Black money info cannot be disclosed to all: Centre
The Centre on Friday told the SC it could not disclose the names of those who have deposited money in banks abroad as it this would jeopardise tax agreements with nations providing those names to India. Congress attack Narendra Modi on black money issueindia Updated: Oct 18, 2014 11:11 IST
The Centre on Friday told the Supreme Court (SC) that it could not disclose the names of those who have deposited money in banks abroad as it this would jeopardise tax agreements with nations providing those names to India.
This echoes the line taken by the previous UPA government, which the BJP had slammed and made into an election issue earlier this year while promising to bring black money back if elected to power.
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Appearing before a bench headed by Chief Justice HL Dattu, Attorney General Mukul Rohatgi said that all amounts deposited in foreign banks by Indian citizens cannot be termed black money and that it is not a crime to open such accounts.
Senior advocate Ram Jethmalani, petitioner in the case before the SC, accused the government of protecting those who had stashed black money abroad and urged the court not to entertain the application.
But observers said that Jethmalani, who was expelled from the BJP, was politicising the matter to settle scores, and even his own advocate-on-record Raian Karanjawala decided to quit the case.
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“We have indicated that we will be giving a no-objection certificate in the matter (to Jethmalani to engage some other advocate-on-record) and are withdrawing from the case,” Karanjawala said. All cases in the SC have to be filed through advocates-on-record.
The SC had in May given the Centre an ultimatum to constitute a Special Investigation Team to probe black money cases. It also ordered the Centre to disclose the identity of 26 persons who had bank accounts in the tax haven Liechtenstein.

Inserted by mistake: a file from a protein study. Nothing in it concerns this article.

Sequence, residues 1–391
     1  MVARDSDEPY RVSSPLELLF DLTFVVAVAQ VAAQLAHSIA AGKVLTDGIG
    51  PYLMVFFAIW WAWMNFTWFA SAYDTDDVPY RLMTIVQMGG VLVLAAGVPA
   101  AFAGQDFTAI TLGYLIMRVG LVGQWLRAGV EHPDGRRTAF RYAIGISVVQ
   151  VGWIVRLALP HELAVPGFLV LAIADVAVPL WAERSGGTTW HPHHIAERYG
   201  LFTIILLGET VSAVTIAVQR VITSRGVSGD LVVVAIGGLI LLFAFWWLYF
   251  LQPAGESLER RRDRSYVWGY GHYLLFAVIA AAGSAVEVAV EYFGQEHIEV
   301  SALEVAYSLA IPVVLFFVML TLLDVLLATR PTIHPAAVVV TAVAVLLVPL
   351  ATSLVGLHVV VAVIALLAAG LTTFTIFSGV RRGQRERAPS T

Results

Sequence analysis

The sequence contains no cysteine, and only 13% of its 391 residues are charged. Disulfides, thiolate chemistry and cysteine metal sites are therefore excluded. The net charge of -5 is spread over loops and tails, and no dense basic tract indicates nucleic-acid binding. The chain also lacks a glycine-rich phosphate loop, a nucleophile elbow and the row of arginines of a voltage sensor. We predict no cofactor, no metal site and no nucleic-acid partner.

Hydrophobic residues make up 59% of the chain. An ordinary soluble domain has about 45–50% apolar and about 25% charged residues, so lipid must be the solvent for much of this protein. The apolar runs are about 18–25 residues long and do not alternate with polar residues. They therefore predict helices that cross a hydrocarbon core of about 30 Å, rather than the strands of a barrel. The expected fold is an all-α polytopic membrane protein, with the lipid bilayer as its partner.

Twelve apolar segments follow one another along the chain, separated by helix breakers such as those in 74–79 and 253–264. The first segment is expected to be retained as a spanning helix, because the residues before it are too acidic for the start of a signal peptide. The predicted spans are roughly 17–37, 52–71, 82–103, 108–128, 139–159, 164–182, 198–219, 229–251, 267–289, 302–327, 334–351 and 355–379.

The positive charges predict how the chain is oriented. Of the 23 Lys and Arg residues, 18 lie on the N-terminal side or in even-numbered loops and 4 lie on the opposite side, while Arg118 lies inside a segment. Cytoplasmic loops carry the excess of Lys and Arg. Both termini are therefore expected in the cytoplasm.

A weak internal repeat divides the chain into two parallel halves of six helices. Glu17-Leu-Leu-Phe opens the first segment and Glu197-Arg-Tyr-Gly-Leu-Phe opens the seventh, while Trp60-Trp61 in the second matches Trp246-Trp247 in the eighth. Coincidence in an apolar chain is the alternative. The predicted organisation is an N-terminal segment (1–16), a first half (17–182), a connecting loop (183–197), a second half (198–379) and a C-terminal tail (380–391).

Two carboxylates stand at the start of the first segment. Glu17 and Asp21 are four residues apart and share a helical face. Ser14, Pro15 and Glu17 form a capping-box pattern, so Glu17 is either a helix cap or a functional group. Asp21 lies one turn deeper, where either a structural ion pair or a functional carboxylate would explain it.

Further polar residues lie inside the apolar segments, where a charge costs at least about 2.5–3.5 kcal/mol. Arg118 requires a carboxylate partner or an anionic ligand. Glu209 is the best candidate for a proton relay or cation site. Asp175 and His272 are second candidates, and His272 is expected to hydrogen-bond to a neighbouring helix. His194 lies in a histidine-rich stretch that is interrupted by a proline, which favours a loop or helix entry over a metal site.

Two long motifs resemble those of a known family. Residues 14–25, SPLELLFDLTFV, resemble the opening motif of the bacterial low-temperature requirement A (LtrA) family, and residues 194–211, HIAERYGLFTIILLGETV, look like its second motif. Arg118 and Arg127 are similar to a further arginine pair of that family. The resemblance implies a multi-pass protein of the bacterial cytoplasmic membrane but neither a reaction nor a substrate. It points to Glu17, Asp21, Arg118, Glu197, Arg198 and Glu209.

On Friday, the government told the court that if it revealed the names as the SC had directed, foreign countries may not give India further information and it would also be difficult to get into double taxation avoidance agreements (DTAA) with other nations due to confidentiality considerations.
The Centre’s stand drew a strong response from the Congress. “This is not only a hiatus between the words and deeds of BJP but sheer hypocrisy and dishonesty with the public of India,” said Congress spokesman Abhishek Manu Singhvi.
Finance minister Arun Jaitley rejected any notion that the BJP was reluctant to make the names public.
“We have no difficulty in making names public. But they can be made public only in accordance with due process of law,” he said. “And the due process of law has been constrained by DTAA which was entered into between India and Germany when the Congress Party was in power on June 19, 1995,” he told reporters.
The Centre also wants the SC to make it clear that its direction would not prohibit the Centre from signing treaties which include a provision on maintaining confidentiality. It has even asked for a declaration that the right to privacy is an integral part of the right to life and such information cannot be disclosed unless a wrongdoing is found on the basis of an Income Tax complaint.
The government told the court that its order was coming in the way of India’s India signing a proposed Inter Governmental Agreement (IGA) with the US that needed to be signed by December end as failure to do so would lead to serious implications on financial institutions.
The court fixed October 28 to hear the matter.